Jim Bishop: More than a 1,000 later, columns still standing
Column by Jim Bishop
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How did it all come to pass so quickly?
Feb. 20, 2010, marked my 20th anniversary of churning out a weekly column treatise that magically occupies a set space in the “Saturday” newsmagazine of the Harrisonburg Daily News-Record.
More than a thousand column clippings have accumulated, stashed in a large Tupperware container at home, with some of the earlier newsprint discourses starting to yellow and fade (sorta like me). Some day I will likely commit them to the dark recesses of the archives of the Menno Simons Historical Library, sharing space with the musings of the patriarchs of the noble university where I have labored nearly 39 years.
Looking back, it’s no surprise that my inaugural column, reprinted here, lamented the sorry state of today’s popular music (20 years ago), and my strong feelings in this area haven’t abated. But, I never expected a second column to follow and gravitate into a weekly conversation.
I’ve often thought, given today’s technology, that a software program would be available by now to enter a column topic or theme and moments later finished copy magically appears on the terminal screen in my journalistic style, thus giving fresh import to the phrase, “Garbage in, garbage out.”
My biggest fan over the years has been . . . (drum roll) . . . my dear mom, Ann Bishop. She departed this world at age 88 for a far better place late December this past year, but her inspiration and spirit of encouragement continue to assuage that unrelenting weekly deadline.
At the same time, this merciless deadline has proven a valuable discipline that in turn energizes and complements my “regular” labors in the educational arena. One of the trickiest tricks of composing this weekly discourse continues to be a concerted effort to steer clear of using this medium as a platform to promote my workplace, Eastern Mennonite University. I believe I’ve largely succeeded, except for those few times where a person from EMU has been featured or certain references made because they “fit” with the subject matter.
Many times, reflecting on, processing and writing about a tough issue – such as suicide, the death of a parent, a personal setback or life-threatening illness – has been cathartic and liberating.
I think my best work has arisen from human interest and profile-type pieces that require extra time and effort to go “on site” and do interviews or research. It’s difficult to do more pieces in this vein because of other work demands as well as my weekly radio programs. I’ve also avoided certain themes and issues that I have strong feelings about because people connect me with EMU and assume that I’m speaking for the institution even though I try to separate these two roles. Perhaps I’ll feel freer to expound on certain topics if I’m still holding forth in retirement – which isn’t that far off.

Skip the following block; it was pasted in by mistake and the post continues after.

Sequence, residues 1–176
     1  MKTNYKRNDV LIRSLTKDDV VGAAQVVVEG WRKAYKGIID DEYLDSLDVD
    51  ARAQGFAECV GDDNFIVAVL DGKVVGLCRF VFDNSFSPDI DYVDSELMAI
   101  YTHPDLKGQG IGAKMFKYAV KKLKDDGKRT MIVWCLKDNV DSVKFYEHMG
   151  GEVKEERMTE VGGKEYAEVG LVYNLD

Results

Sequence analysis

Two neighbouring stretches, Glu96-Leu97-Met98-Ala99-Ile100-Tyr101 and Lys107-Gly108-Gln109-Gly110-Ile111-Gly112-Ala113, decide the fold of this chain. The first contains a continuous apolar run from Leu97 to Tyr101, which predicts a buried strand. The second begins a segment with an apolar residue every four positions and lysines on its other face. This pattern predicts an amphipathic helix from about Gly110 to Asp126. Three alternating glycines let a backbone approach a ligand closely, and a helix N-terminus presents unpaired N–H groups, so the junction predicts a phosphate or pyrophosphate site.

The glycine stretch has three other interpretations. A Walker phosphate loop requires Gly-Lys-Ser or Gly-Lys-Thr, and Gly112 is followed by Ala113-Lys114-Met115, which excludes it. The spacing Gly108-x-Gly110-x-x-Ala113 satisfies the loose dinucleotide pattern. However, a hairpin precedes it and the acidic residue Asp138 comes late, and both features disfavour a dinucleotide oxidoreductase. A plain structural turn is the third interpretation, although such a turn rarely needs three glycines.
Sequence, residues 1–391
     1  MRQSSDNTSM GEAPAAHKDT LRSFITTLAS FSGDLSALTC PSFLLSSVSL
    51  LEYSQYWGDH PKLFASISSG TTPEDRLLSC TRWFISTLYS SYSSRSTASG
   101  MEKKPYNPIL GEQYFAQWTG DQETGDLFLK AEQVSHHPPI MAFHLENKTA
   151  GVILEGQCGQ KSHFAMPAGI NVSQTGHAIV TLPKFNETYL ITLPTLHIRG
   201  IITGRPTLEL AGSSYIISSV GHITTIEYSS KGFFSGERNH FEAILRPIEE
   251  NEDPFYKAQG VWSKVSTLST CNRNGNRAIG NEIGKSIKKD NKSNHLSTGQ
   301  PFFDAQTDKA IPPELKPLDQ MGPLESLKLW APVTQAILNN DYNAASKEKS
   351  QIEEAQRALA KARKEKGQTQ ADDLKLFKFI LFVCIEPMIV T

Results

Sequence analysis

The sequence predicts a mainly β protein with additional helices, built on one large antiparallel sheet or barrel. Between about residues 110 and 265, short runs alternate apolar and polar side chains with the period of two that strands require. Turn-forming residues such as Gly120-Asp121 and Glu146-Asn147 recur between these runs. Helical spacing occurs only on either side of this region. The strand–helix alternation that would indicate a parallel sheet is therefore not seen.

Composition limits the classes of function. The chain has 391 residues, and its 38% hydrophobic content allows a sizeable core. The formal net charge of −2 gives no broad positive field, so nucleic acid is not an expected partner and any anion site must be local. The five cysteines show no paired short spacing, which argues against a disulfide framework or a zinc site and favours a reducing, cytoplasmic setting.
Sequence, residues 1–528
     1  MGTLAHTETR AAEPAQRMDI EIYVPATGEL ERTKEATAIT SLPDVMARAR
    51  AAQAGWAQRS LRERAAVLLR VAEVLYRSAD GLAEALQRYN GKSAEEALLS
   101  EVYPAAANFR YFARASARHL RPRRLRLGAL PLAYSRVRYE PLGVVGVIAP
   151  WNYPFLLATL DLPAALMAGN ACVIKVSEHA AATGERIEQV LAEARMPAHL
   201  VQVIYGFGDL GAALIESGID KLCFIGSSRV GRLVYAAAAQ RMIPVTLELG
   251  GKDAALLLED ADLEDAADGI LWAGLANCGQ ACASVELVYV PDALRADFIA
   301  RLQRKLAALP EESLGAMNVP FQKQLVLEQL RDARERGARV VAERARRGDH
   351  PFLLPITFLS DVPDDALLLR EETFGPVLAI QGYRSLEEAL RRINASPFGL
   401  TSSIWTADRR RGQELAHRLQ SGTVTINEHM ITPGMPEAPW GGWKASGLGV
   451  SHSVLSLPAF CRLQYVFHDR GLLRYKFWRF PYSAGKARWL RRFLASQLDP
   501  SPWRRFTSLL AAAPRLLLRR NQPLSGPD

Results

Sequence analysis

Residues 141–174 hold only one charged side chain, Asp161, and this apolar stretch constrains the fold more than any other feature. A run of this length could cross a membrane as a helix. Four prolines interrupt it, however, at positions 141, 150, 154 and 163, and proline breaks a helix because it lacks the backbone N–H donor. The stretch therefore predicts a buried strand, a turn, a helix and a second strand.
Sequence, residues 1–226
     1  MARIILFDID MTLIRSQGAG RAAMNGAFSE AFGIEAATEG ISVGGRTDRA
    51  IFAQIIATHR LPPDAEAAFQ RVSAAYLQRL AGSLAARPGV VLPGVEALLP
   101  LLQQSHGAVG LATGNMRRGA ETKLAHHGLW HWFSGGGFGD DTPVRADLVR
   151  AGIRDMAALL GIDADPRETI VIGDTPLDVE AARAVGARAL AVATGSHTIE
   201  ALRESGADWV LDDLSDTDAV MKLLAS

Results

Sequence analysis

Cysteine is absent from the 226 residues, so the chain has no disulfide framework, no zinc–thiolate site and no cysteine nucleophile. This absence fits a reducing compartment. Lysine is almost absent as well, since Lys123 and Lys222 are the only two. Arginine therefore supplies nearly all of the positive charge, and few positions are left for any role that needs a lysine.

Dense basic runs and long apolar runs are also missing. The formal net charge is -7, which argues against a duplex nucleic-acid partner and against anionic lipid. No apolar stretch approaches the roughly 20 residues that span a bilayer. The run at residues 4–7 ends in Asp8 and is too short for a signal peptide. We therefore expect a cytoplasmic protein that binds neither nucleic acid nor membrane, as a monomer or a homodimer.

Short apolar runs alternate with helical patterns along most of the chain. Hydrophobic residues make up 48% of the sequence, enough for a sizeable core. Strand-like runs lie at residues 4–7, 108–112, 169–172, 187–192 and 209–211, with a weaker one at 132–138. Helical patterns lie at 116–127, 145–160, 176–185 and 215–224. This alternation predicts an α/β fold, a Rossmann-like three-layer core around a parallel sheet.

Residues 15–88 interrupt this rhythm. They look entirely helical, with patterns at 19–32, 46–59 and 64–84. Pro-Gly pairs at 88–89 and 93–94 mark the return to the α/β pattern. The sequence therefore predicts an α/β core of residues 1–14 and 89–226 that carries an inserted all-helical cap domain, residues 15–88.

Over these two decades one of the biggest changes is not so much how I turn ideas and opinions into columns as the means for doing so. At the outset, I was still committing words to paper on a trusty IBM Selectric II typewriter, which soon gave way to generating words via IBM DisplayWrite software to a printer connected to my stand-alone computer terminal. Every week, I would hand-deliver the hard copy to my editor at the DN-R, who in turn would re-keyboard the copy.
Next came the floppy disc, which didn’t necessarily save a lot of time or labor, as the paper’s computer system wasn’t fully compatible with mine. I’d still make a weekly trip to the newsroom, where typos and formatting problems frequently emerged
Things greatly improved once we were connected electronically, and I send my literary masterpieces as Word document attachments. This arrangement also gave more flexibility in cutting copy (a frequent request from ye editor) and making last-minute changes or corrections.
I’ve sought to follow this modus operandi while committing words first to paper and now to an electronic screen: While I can’t write about everything lightly, I will attempt to write brightly, civilly and candidly, making myself vulnerable in the process. Failure to do so increases the likelihood of failure to communicate.
Secondly, in exercising my craft, I do want to be taken seriously, even though I don’t take myself too seriously.
I continue to feel humbled and undeserving of the considerable affirmation received regularly from readers but am so thankful for the support I’ve felt from so many sources. When disagreements surface, the criticism has been constructive and helpful
I regret that I’m simply not able, given my other regular commitments, to respond personally to every email or letter (yes, I do get handwritten in the mail) but be assured, each is appreciated.
Someone defined “diplomacy” as “the art of saying ‘nice doggie’ while searching for a rock.”
In my jottings, some times I feel like a rock, taking aim at the commonplace, at everyday life, occasionally venturing into unexplored territory – sometimes hitting, sometimes missing the mark. I’ve not deliberately tried to injure anyone as I hurl thoughts, phrases and projectiles on a host of topics and themes.
I often pause in the midst of this semantic exercise and ask, “Who do I think I am? What gives me the right or authority to hold forth in this medium week after week on a plethora of subjects, some of which I lack sufficient facts or understanding of to even tackle.”
But then, I tell myself that I sense a calling to pursue this venture, this sacred trust, feeling blessed to have such an opportunity and outlet for these many years.
I am grateful for those times when told, “Thank you . . . you ‘spoke’ to me, you’re positive and encouraging, you made me laugh, made me think, you were right on target.”
I can scarcely ask for more than this. Thank you, my friends, as I press on toward the mark.